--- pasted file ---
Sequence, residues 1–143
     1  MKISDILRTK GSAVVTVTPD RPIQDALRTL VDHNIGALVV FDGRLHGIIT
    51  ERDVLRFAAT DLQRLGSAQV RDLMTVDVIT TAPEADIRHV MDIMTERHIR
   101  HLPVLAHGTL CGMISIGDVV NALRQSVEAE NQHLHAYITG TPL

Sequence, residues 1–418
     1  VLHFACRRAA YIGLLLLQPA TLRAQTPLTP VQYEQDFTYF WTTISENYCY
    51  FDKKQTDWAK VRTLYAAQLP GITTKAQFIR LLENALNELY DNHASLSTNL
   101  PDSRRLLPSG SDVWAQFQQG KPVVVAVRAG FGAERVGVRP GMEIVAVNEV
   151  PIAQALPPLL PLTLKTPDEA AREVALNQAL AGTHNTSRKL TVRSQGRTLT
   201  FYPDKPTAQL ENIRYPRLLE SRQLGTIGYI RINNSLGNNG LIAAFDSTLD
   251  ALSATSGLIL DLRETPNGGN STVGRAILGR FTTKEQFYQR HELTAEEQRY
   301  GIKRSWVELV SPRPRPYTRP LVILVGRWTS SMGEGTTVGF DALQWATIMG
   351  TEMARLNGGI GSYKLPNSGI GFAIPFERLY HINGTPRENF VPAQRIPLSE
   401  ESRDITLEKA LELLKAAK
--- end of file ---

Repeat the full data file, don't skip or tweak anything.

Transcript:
Sequence, residues 1–143
     1  MKISDILRTK GSAVVTVTPD RPIQDALRTL VDHNIGALVV FDGRLHGIIT
    51  ERDVLRFAAT DLQRLGSAQV RDLMTVDVIT TAPEADIRHV MDIMTERHIR
   101  HLPVLAHGTL CGMISIGDVV NALRQSVEAE NQHLHAYITG TPL

Sequence, residues 1–418
     1  VLHFACRRAA YIGLLLLQPA TLRAQTPLTP VQYEQDFTYF WTTISENYCY
    51  FDKKQTDWAK VRTLYAAQLP GITTKAQFIR LLENALNELY DNHASLSTNL
   101  PDSRRLLPSG SDVWAQFQQG KPVVVAVRAG FGAERVGVRP GMEIVAVNEV
   151  PIAQALPPLL PLTLKTPDEA AREVALNQAL AGTHNTSRKL TVRSQGRTLT
   201  FYPDKPTAQL ENIRYPRLLE SRQLGTIGYI RINNSLGNNG LIAAFDSTLD
   251  ALSATSGLIL DLRETPNGGN STVGRAILGR FTTKEQFYQR HELTAEEQRY
   301  GIKRSWVELV SPRPRPYTRP LVILVGRWTS SMGEGTTVGF DALQWATIMG
   351  TEMARLNGGI GSYKLPNSGI GFAIPFERLY HINGTPRENF VPAQRIPLSE
   401  ESRDITLEKA LELLKAAK